Sign up for ProSoundWeb newsletters
Subscribe today!

Portable 2-Way Loudspeakers - What Can’t They Do?
They're great tools, but what can’t they do?
+- Print Email Share RSS RSS

Portable loudspeakers are amazing in their versatility, able to serve as mains, fills, delays, stage monitors and much more, providing solutions for hundreds of applications in live sound reinforcement.

These 2-way miracle workers usually include an 8-inch, 12-inch or 15-inch ported woofer and a compression driver on a horn or waveguide, with dispersion (6 dB-down points) commonly at 40 degrees (v) by 90 degrees (h) or 40 degrees (v) by 120 degrees (h).

The primary purpose of this dispersion is to focus sound on the audience while not sending it to reflective ceilings.

Coaxial designs, with the compression driver/horn suspended above the cone woofer, are also a popular option.

Fans of coaxial loudspeakers like that high- and low-frequency sounds originate from the same point in space to provide more of a “point source” coherence. Coaxial models also typically take up less real estate.

Not all portable loudspeakers are created equal.

Frequency response should be able to reproduce the sound source accurately, so for speech-only applications, a response of 100 Hz to 12 kHz is usually sufficient, while an acoustic guitar-singer will be better served by a response of 80 Hz to 15 kHz and a rock band should have a response of 40 Hz - 15 kHz (or higher).

These frequency limits are typically 10 dB down or less from the level at 1 kHz. Of course, the flatter the response over the passband, the more accurate is the reproduction.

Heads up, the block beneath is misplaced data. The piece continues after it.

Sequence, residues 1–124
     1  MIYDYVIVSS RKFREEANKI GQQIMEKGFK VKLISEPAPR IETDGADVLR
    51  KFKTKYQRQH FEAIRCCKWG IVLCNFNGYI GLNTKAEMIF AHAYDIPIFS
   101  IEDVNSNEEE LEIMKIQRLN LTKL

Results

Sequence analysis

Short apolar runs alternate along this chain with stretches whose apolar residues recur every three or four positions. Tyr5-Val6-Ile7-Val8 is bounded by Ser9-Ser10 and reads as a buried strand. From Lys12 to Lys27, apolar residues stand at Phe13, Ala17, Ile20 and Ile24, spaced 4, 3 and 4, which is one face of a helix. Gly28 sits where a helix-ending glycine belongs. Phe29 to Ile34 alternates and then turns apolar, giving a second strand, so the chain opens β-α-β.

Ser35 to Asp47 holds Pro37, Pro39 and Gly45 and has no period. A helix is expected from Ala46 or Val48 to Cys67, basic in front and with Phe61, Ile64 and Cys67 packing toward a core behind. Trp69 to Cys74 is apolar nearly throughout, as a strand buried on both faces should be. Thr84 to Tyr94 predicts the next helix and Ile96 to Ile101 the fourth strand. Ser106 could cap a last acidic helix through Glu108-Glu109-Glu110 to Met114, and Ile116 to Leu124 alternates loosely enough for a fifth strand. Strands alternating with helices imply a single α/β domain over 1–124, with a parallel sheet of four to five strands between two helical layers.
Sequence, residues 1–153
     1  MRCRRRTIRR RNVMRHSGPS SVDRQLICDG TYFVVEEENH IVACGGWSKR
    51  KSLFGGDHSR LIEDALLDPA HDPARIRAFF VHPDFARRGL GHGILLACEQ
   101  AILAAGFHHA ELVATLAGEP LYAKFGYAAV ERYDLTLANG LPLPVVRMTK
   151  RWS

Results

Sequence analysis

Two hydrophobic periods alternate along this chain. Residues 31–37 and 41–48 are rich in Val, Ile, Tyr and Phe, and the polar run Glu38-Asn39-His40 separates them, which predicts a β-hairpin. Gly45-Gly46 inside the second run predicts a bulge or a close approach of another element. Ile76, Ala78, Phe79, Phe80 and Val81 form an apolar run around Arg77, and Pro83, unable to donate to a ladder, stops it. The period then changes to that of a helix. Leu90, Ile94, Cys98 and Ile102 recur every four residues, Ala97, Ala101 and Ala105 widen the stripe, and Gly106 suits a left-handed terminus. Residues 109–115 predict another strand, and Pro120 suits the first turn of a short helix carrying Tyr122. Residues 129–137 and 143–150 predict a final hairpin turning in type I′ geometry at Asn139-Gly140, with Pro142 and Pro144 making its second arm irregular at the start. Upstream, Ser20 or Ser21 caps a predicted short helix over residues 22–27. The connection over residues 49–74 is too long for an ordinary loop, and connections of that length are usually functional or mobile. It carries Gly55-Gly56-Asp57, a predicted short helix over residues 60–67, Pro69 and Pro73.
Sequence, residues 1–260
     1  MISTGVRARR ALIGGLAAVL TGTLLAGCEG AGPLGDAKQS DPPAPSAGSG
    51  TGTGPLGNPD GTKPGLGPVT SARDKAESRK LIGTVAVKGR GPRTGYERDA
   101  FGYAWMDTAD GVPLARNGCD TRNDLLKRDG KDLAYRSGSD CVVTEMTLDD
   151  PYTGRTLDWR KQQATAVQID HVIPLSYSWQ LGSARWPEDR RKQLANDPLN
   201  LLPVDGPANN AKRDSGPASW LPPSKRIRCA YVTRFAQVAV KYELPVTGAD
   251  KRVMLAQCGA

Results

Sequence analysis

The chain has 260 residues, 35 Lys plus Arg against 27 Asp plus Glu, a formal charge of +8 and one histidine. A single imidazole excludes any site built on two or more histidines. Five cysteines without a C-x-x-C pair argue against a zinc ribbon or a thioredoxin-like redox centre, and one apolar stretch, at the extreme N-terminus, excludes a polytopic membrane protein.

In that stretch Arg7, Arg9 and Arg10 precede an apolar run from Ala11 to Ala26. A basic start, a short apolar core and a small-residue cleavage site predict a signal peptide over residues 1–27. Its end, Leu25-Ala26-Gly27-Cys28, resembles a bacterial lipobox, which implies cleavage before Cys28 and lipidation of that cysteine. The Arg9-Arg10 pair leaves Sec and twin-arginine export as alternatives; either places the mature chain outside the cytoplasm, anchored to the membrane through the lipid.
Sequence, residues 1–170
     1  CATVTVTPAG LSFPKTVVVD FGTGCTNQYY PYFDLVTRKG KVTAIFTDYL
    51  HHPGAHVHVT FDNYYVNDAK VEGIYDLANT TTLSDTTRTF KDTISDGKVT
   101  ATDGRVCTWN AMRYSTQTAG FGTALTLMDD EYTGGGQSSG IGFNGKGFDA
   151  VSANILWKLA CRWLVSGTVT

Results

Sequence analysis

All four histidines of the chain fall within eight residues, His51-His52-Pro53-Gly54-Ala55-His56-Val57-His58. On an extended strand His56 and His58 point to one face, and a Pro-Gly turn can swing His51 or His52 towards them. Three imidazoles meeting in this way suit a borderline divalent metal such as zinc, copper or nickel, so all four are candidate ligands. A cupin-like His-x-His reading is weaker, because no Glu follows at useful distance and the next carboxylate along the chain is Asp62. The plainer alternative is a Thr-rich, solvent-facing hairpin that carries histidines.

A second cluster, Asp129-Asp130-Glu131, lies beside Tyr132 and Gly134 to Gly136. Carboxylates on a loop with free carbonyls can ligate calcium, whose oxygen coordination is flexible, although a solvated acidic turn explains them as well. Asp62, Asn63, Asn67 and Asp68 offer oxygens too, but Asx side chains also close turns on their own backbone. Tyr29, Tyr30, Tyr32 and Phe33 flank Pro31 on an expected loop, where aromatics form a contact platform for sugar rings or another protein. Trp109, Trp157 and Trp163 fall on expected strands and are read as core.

Another choice is passive or active. Passive loudspeakers need to be driven by separate power amplification and might also require additional outboard processing, while active designs have the amplifier and processing built into the box.

Many active systems are also bi-amplified, with individual amplifiers for the woofer and compression driver.

Bi-amplification can offer several advantages. Distortion frequencies caused by clipping the woofer’s amplifier will not reach the tweeter, so there is less likelihood of tweeter burn-out. In addition, clipping distortion in the woofer amplifier is made less audible.

Further, intermodulation distortion is reduced, peak power output is greater than that of a single amplifier of equivalent power, direct coupling of amplifiers to transducers improves transient response (especially at low frequencies), and the inductive and capacitive loading of the power amplifier is reduced.

Finally, the full power of the tweeter amp is available regardless of the power required by the woofer amp.

With Live Sound, You Can Make Anyone Sound Good

A free subscription to Live Sound International is your key to successful sound management on any scale — from a single microphone to a stadium concert. Written by professionals for professionals, each issue delivers essential information on the latest products specs, technologies, practices and theory.
Whether you’re a house monitor engineer, technical director, system technician, sound company owner, installer or consultant, Live Sound International is the best source to keep you tuned in to the latest pro audio world. Subscribe today…it’s FREE!!

Commenting is not available in this weblog entry.

Audio Central